The Target 10 Homepage co-ordinates actions and organisations in understanding and controlling problem species.

Ireland's National Plant
Conservation Strategy

is a response to the
Global Strategy for
Plant Conservation

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National Botanic Gardens Home Page

vert bar Heracleum mantegazzianum
Last updated 12th April 2007

First noted as an escape from cultivation in Co. Dublin 1902-03, Colgan predicted that this species could become quite naturalized (FDub 1904); Praeger (1939) added records for Newport River in Limerick and N Tipperary, and by two streams in Fermanagh and Tyrone; by mid-20th C, H. mantegazzianum had been recorded from some 13 vice-counties. The main expansion in range occurred in the second half of the 20th C, and there are records for over 30 vice-counties since the early 1970s; see Wyse Jackson (1989) for early history and records up to late 1980s, and since then, e.g. Scannell 1991 (Reynolds 2002).


A four-year treatment program, using glyphosate, was undertaken in the Mulkear River catchment of the lower River Shannon. Weed treatment commenced in March 1998 and continued to 2001. Results were very encouraging. The benefits to the local community and the overall ecology of the river and riparian habitats are discussed in the publication (Caffrey 2001).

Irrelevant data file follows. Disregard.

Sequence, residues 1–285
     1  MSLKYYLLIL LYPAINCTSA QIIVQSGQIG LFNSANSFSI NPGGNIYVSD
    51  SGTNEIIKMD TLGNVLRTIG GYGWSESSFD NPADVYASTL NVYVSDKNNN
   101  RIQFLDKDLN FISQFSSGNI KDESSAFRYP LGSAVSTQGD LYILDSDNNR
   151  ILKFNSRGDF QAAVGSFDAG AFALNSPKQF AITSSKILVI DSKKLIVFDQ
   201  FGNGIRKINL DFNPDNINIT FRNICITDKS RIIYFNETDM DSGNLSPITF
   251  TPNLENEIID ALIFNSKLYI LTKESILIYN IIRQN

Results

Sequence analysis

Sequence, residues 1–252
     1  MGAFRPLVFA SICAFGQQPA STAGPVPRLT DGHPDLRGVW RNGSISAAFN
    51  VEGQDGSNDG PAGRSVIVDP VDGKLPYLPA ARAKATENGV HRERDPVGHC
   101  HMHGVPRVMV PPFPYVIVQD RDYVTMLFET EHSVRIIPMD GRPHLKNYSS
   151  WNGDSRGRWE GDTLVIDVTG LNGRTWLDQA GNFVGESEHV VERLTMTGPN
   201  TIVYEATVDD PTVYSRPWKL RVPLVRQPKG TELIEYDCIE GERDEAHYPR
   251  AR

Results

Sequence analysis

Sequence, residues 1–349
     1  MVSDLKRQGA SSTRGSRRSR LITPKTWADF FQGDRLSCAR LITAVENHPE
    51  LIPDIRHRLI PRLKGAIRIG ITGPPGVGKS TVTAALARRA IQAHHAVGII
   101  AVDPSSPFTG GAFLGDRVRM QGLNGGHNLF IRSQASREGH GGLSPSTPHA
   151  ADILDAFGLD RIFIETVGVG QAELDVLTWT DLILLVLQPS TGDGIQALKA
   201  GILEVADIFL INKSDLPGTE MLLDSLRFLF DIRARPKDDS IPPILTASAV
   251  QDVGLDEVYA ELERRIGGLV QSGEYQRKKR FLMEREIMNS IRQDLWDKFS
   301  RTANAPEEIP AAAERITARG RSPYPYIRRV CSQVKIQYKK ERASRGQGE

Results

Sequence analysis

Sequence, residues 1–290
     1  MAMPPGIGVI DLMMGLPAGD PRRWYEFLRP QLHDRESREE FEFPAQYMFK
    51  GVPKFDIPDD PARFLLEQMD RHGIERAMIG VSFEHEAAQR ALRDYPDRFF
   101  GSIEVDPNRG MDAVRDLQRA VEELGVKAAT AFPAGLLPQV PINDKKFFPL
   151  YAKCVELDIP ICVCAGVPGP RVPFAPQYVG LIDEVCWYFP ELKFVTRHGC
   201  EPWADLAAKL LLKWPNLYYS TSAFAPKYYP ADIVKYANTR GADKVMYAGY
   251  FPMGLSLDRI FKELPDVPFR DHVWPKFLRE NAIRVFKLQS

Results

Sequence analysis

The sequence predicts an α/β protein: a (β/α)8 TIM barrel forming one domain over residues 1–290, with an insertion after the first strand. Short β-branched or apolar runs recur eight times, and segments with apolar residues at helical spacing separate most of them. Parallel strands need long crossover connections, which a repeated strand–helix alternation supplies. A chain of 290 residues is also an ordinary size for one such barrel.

If you have information about any other populations of Heracleum mantegazzianum please notify the following:-
Matthew Jebb
National Botanic Gardens
Dublin 9
matthew.jebb at


Joseph M. Caffrey (2001) The Management of Giant Hogweed in an Irish River Catchment. J. Aquat. Plant Management 39: 28-33

Wyse Jackson, M. (1989) Observations on the Irish distribution of a plant with serious public health implications: Giant hogweed (Heracleum mantegazzianum Sommier and Levier). Bull. Ir. biogeog. Soc. 12: 94-112.